Davis' corollary argument, that there was insufficient evidence to establish an intent to distribute these drugs, is even less substantial. The police retrieved a total of 151 packages of narcotics from the denim jacket, plus five more from other places in the same locked bedroom. The government presented unrebutted testimony by an expert on the distribution of illegal narcotics that the quantity and packaging of these drugs was consistent with an intent to distribute them. We have repeatedly held that the packaging of narcotics so as to make them ready for sale to individual purchasers is "strong evidence of an intent to distribute." Edmonds v. United States, 609 A.2d 1131, 1132 (D.C. 1992); accord, e.g., Chambers v. United States, 564 A.2d 26, 31 (D.C. 1989) ("The fact that the cocaine was in separate packages, rather than in one large mass, is evidence of an intent to distribute"); Shorter v. United States, 506 A.2d 1133, 1135 (D.C. 1986); see also Turner v. United States, 396 U.S. 398, 420, 24 L. Ed. 2d 610, 90 S. Ct. 642 (1970). Davis' challenge to the sufficiency of the evidence on this ground is totally without merit.


Raymond Ward, Davis' parole officer, testified for the government as a rebuttal witness. Ward recounted to the jury certain statements made by Davis during two meetings with him, one shortly before and one shortly after her arrest in this case, that she was then living with her mother at 1117 Orren Street, N.E. The prosecutor was careful not to elicit Mr. Ward's occupation or the reason for these meetings so as to avoid prejudicing Davis with exposure of her criminal record. His testimony was limited to the fact that they met on July 14 and August 4, that Davis was "required" to tell him where she was living, and that on both occasions she said she was living at her mother's home on Orren Street.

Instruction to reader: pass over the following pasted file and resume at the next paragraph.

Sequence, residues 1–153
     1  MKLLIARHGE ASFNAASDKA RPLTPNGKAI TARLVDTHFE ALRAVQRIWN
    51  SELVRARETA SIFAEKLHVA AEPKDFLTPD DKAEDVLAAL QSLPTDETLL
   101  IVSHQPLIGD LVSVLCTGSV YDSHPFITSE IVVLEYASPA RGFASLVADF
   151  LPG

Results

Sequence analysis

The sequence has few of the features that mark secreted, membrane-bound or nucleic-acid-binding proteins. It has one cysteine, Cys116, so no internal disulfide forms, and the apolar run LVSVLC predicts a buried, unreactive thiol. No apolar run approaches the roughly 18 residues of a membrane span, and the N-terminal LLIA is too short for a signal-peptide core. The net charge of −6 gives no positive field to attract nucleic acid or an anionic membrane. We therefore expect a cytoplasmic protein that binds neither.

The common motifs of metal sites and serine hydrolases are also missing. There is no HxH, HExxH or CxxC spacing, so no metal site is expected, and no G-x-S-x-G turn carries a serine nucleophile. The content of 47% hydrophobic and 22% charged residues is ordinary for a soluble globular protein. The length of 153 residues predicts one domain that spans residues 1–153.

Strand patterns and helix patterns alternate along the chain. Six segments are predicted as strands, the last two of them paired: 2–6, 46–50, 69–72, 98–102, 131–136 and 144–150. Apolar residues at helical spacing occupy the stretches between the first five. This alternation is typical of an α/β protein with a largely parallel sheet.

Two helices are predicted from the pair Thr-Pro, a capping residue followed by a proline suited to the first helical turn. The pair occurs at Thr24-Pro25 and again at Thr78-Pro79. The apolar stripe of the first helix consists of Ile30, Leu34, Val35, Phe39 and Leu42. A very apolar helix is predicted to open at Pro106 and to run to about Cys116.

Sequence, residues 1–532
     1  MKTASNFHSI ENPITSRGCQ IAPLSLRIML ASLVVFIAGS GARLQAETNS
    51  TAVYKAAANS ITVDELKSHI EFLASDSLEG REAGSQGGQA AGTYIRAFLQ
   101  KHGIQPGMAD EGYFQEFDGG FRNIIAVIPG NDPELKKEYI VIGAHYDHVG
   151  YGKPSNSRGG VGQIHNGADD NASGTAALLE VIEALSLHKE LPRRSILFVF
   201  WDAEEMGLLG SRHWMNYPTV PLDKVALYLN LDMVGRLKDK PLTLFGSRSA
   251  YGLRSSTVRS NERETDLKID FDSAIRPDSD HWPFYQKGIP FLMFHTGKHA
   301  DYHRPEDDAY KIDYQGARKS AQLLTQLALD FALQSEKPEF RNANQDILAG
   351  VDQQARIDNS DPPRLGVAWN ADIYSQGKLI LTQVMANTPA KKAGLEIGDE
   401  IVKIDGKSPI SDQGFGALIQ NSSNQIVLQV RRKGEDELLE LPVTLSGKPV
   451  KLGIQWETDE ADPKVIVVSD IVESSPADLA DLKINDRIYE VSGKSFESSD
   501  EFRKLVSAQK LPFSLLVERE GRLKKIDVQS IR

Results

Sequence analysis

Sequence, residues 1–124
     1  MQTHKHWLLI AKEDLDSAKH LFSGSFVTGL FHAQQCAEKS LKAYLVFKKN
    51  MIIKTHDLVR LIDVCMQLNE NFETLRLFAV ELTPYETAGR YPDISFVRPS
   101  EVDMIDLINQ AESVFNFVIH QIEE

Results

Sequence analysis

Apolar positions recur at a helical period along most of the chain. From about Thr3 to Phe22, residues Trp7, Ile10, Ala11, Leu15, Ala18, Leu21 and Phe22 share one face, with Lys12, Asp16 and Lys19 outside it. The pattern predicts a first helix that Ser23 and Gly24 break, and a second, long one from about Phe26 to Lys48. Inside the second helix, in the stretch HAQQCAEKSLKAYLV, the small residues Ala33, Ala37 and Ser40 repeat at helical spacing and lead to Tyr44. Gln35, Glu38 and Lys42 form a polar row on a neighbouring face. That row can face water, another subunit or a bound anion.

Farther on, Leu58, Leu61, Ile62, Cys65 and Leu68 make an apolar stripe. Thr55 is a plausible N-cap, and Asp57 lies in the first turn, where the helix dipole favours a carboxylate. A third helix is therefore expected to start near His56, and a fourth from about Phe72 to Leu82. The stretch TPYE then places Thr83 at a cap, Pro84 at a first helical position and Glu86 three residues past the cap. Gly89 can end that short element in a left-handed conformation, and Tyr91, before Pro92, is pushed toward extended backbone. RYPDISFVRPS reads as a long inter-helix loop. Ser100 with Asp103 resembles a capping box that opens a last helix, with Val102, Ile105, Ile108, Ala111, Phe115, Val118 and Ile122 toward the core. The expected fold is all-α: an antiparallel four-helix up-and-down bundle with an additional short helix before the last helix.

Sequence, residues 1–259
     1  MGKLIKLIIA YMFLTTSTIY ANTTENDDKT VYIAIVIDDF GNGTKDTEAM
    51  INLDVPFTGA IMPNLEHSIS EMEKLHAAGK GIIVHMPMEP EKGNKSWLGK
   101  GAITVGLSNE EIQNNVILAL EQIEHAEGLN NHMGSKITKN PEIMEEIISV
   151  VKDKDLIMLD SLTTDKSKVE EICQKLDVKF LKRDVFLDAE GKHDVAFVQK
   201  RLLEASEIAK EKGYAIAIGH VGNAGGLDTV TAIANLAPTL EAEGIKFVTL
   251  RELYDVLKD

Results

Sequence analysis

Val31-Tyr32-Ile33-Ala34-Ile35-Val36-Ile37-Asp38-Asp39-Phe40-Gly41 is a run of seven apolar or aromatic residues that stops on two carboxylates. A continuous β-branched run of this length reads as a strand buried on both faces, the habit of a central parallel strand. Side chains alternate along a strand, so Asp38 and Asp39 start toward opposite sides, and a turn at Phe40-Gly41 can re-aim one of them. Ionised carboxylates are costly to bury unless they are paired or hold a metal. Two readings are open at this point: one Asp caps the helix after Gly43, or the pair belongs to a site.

The trial court had barred the government from presenting Mr. Ward's testimony in its case in chief, reasoning that the substance of Davis' statements to Mr. Ward should have been disclosed before trial pursuant to Super. Ct. Crim. R. 16 (a). The court allowed Ward to testify in rebuttal, however, to refute the defense claim that Davis was living in Maryland at the time. The court was persuaded that Ward's testimony was proper rebuttal underPowell v. United States, 414 A.2d 530 (D.C. 1980), *fn11 and that it need not be excluded from the government's rebuttal case as a further sanction for its violation of Rule 16 (a).

Davis makes three arguments against the admissibility of Mr. Ward's testimony. First, she contends that its admission violated Super. Ct. Crim. R. 16 (a)(1)(A) and resulted in unfair surprise at trial. Second, she maintains that it was improperly admitted in rebuttal because she did not testify. Finally, Davis argues that its admission violated her Sixth Amendment rights "because it was difficult to cross-examine [Mr. Ward] about the two statements" without revealing that he was Davis' parole officer and because the statements were made out of the presence of her counsel. We reject all three of these contentions.